On the day of the shooting, Butler met her friend, Mona Aldridge, at the Legion sometime between 5:00 p.m. and 6:30 p.m. Appellant, Von Clark "Red" Davis, arrived shortly thereafter, and eventually sat at a table with Butler and Aldridge. Apparently, [Davis] and Butler had cohabited for several months, but had recently separated. After a brief period of time, [Davis] and Butler arose from the table and walked out the front door. Prior to leaving, Butler told Aldridge that she would be "right back" and asked Aldridge to watch her jacket, cigarettes and drink. Several minutes later, a concerned Aldridge went to the front door of the Legion to look for Butler. Aldridge opened the door slightly and discovered [Davis] pointing a gun at Butler's head. Aldridge panicked and went back inside the bar. Momentarily, others followed her into the bar saying that someone had been shot.

The shooting was witnessed by Reginald Denmark and Cozette Massey. The couple had been on a walk observing Christmas lights. As they were walking, they saw a man and a woman talking in front of the Legion. The man and woman did not appear to be arguing. Two shots rang out. As the woman (later identified as Butler) fell, another shot was fired. Finally, "... after she was down, he bent down and shot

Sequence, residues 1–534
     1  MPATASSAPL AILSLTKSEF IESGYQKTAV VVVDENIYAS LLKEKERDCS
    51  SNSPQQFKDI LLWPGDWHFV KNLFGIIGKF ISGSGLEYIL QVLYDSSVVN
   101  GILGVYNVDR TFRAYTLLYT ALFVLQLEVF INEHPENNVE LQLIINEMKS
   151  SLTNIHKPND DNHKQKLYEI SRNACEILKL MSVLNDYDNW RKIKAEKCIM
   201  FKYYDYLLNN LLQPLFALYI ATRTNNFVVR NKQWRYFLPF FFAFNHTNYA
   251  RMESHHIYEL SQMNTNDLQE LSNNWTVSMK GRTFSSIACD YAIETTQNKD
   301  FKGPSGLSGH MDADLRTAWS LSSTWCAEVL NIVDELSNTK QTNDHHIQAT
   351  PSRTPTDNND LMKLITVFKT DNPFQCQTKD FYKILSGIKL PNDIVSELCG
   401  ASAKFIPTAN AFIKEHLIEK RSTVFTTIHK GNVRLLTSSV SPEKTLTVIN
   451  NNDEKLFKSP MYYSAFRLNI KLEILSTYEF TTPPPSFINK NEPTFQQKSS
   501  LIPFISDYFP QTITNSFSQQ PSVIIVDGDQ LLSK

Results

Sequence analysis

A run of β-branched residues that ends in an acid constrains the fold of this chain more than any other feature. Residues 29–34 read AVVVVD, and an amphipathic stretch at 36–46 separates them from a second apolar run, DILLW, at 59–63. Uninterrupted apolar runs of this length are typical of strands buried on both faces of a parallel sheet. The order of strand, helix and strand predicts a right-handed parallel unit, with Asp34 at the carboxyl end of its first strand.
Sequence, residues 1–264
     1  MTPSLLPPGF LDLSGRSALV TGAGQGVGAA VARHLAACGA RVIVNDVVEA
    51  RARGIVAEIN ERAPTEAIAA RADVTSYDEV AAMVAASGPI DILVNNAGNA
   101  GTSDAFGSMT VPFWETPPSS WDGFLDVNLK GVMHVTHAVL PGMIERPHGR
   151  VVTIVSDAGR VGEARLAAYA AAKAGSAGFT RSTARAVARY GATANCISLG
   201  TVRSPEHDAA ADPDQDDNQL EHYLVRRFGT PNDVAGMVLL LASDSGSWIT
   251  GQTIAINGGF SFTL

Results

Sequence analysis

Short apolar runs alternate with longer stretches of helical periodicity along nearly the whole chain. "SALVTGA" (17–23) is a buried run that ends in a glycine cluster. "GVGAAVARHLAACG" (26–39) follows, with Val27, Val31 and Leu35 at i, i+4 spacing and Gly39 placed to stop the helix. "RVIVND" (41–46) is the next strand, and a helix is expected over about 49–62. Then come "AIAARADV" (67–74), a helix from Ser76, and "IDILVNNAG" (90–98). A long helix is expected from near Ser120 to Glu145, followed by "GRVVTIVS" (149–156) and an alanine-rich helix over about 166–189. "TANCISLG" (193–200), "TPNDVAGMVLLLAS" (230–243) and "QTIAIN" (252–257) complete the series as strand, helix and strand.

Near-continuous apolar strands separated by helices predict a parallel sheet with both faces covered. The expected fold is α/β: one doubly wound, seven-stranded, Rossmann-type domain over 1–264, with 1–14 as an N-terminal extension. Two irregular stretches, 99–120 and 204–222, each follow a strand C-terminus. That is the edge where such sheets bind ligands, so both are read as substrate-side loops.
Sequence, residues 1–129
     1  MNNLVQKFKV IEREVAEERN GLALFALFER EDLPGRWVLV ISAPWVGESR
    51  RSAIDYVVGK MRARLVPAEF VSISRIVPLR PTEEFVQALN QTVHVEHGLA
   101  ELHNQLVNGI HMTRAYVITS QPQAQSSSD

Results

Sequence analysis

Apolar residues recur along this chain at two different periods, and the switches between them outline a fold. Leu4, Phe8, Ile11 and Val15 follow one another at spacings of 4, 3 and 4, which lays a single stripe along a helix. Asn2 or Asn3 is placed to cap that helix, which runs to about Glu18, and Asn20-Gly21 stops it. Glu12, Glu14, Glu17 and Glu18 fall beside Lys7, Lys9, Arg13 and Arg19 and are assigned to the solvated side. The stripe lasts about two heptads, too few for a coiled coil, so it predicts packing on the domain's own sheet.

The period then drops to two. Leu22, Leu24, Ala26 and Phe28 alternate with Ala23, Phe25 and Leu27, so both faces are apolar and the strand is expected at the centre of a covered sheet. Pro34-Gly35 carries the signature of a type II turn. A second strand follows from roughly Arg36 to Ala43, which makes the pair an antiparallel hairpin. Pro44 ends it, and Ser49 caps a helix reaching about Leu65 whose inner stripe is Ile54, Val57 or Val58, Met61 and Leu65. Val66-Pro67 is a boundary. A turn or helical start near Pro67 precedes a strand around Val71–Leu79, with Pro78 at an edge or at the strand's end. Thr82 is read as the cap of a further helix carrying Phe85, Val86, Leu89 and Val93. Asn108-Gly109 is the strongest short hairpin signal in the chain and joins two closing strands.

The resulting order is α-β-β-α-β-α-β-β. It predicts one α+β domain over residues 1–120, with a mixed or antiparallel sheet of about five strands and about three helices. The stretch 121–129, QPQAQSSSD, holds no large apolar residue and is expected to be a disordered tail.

475 F.3d 765

her in the head." Both Massey and Denmark ultimately identified [Davis] as the person who shot Butler.

It was later established that on the day of Butler's murder, [Davis] had sought out Mark "Poppa" Lovette to "do him a favor" in exchange for sixty dollars. Along with a third party, Wade Coleman, a.k.a. Hank Stokes, [Davis] drove Lovette to a pawn shop and gave him money to purchase a handgun. Lovette purchased a Raven P.25 semi-automatic handgun and gave it to [Davis]. [Davis] again gave money to Lovette and had him purchase shells for the gun at a K Mart store. Lovette was then dropped off. [Davis] subsequently discovered that the K Mart shells did not fit the weapon. Lovette was picked up again, the shells were returned to K Mart, and [Davis] drove Lovette to a local gun shop. Lovette purchased a box of PMC .25 automatic shells and gave them to [Davis]. [Davis] then loaded the gun in the presence of Lovette and Coleman and placed the gun under the driver's seat of his car. Late that afternoon, Lovette and Coleman were dropped off separately.